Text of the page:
A number of people know that the Israelites wandered in the desert for forty years before reaching the Promised Land, but less in this majority recognize the significance of their delayed travels. It actually took the Israelites a mere two years to escape Egypt and reach Israel. Just before entering the land flowing with milk and honey, God asks Moses to send a representative from each of Israel's twelve tribes to survey the land. The committee goes into the land of Canaan, astonished by the sight of it. They feast their eyes on the gorgeous landscape of Israel, particularly its beautiful valleys and vast desert. To prove the goodness of the land to the others, the scouts return with the fruits of the land. The Israelites bring seasonable grapes almost too large for them to carry, and the people rejoice that God promises them such a wondrous land for their descendants.  Unfortunately, the scouts find one fault in the Promised Land. While observing the beauty of Canaan, they notice that certain nations already inhabit the land. Ancient peoples, such as the Canaanites and Amorites, outnumber the Israelites. Hearing the news, the Israelites stop eating the delicious fruit, and the group enters a panicked frenzy. God stumbles upon the scene with disgust, for God promised them this land. The Israelites doubt God's covenant, and for that, they deserved punishment. For questioning God's power to bring the Israelites into the Promised Land, God commands Moses to lead the people toward the Red Sea. With the except of the scout who continued to believe in God's might, God allows no one of the first generation to escape Egypt to see Israel. Instead of entering Israel after two years of wandering, the Israelites travel for forty additional years.

Though God sentenced the Israelites to this fate, the eleven scouts who doubted God ultimately doomed themselves. After seeing a gorgeous landscape decorated with fruit, the scouts reported about their enemy. God offers so much to the Israelites by presenting them with the land of Canaan, and they thank God by fearing their settlement. Some suggest they return to Egypt, taking slavery over imagined death. Whether one believes in God or not, the passage offers a lesson in taking chances. The Israelites fear the Amorites and the Canaanites when they enter the land. During the portion, the other nations threaten the Israelites in no shape or form, yet they appear terrifying at first glance. Entering a new home is a frightening endeavor, but we need to push forward sometimes rather than retreating to what we know. The Israelites ask to return to Egypt, a familiar entity, even if that familiarity brings horrible bondage with it. The entire generation suffers as a result of the fear and doubt that exists among them. Worrying never solved a problem. Rather, it always dramatizes the issue, intensifying the emotion.   In any moment of stress of nervousness, it is easy to retreat toward our comfort level, but we miss the thrill of accomplishment and adventure by taking this action.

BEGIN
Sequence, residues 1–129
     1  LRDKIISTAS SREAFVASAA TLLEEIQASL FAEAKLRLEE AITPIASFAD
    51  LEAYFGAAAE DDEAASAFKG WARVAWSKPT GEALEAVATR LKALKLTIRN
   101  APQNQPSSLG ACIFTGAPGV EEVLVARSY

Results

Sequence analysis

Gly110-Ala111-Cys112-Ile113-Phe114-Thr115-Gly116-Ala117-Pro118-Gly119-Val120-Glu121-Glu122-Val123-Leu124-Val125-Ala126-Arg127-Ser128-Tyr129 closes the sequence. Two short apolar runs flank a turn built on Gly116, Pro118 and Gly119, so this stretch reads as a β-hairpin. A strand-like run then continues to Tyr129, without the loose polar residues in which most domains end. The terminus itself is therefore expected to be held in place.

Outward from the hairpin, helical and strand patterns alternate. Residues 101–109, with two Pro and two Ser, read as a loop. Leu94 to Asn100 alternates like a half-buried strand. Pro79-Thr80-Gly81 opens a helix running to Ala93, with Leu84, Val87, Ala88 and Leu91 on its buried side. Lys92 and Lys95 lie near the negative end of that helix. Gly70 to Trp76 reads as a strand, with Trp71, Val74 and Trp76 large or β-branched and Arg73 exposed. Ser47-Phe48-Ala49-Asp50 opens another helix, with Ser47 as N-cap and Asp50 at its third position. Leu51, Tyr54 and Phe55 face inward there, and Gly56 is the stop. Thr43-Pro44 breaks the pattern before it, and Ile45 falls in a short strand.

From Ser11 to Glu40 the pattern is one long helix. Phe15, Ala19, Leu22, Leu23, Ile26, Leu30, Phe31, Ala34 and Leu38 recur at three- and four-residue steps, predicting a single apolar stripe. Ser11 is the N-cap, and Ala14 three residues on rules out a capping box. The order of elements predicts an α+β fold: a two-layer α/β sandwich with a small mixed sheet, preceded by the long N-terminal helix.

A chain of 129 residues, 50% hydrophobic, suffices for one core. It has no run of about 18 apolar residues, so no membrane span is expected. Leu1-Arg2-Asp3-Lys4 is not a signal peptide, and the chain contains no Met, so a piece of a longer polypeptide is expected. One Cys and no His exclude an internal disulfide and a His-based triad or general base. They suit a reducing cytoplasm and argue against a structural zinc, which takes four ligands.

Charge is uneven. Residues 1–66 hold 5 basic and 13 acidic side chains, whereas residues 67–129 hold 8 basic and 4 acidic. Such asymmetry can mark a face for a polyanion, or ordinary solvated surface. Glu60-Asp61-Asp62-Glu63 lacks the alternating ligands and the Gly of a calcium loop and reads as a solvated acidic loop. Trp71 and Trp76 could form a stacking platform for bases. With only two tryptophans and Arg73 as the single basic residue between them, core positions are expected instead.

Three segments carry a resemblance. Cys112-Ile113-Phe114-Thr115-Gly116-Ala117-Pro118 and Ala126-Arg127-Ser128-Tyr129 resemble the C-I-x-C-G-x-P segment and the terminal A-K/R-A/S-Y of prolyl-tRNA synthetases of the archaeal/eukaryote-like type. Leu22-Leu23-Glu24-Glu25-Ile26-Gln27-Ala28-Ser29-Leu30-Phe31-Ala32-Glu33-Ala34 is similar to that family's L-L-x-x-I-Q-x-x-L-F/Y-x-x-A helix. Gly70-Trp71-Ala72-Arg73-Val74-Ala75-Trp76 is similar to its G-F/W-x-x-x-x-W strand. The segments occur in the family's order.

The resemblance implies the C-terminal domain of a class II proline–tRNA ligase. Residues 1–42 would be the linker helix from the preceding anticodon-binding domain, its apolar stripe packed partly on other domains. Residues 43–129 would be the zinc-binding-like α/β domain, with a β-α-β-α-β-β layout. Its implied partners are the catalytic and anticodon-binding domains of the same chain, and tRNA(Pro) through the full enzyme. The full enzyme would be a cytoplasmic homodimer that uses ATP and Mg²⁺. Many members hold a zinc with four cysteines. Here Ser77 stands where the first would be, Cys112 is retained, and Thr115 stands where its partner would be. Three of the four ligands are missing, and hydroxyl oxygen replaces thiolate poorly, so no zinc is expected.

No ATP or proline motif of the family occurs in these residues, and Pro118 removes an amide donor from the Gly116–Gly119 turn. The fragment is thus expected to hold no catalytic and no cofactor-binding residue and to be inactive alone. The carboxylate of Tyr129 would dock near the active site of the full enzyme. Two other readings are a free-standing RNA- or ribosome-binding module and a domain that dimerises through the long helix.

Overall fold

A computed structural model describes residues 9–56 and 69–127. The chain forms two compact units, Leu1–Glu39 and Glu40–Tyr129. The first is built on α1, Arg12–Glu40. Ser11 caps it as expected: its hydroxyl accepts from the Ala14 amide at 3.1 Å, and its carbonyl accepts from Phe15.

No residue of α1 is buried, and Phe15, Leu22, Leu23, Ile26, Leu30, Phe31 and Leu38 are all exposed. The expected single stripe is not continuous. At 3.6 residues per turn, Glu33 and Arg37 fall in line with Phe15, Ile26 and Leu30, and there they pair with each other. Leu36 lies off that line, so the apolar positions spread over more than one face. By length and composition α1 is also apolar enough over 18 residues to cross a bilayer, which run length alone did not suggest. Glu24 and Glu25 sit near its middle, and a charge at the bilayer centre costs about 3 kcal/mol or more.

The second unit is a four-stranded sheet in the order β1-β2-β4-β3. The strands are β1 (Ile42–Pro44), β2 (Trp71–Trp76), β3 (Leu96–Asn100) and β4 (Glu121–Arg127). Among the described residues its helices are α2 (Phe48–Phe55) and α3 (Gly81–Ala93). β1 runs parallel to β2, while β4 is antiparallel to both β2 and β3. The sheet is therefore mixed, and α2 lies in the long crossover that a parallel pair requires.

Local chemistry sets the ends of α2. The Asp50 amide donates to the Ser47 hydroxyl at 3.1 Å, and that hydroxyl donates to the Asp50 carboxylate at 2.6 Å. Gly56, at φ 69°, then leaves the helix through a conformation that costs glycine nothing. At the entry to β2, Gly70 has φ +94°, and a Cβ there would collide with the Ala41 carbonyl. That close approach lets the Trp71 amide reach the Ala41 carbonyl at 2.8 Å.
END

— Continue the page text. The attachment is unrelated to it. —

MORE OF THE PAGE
The worst kind of fear is one that prevents us from taking a chance. The leap of entering Israel promised much more reward than escaping to Pharaoh. Like a runner overloading their system to earn their personal best time, all people need to strive to excel. The majority of people put in the adequate effort to succeed in an endeavor. It takes a special individual to soar beyond expectations, taking a risk from time to time. The effort it takes to excel is analogous to the strength of confronting nervousness. Sure, some risks are not worth the leap. Trying to survive a jump from a faraway height is not a smart choice without proper training, but we need to take our own jumps that match our personalities. Tomorrow, I celebrate the conclusion of my freshman year with a trip to Six Flags. I only went on my first roller coaster last year, and this year, I hope to conquer the tallest, scariest roller coaster in the park: Bizarro. Taking chances revolves around making sensible yet risky choices. I know my limitations, but riding this coaster is something I can overcome. The Israelites knew Israel was a risk worth taking. If the fear is assailable, face it. Otherwise, we find ourselves wandering in a world of sand for forty or more years.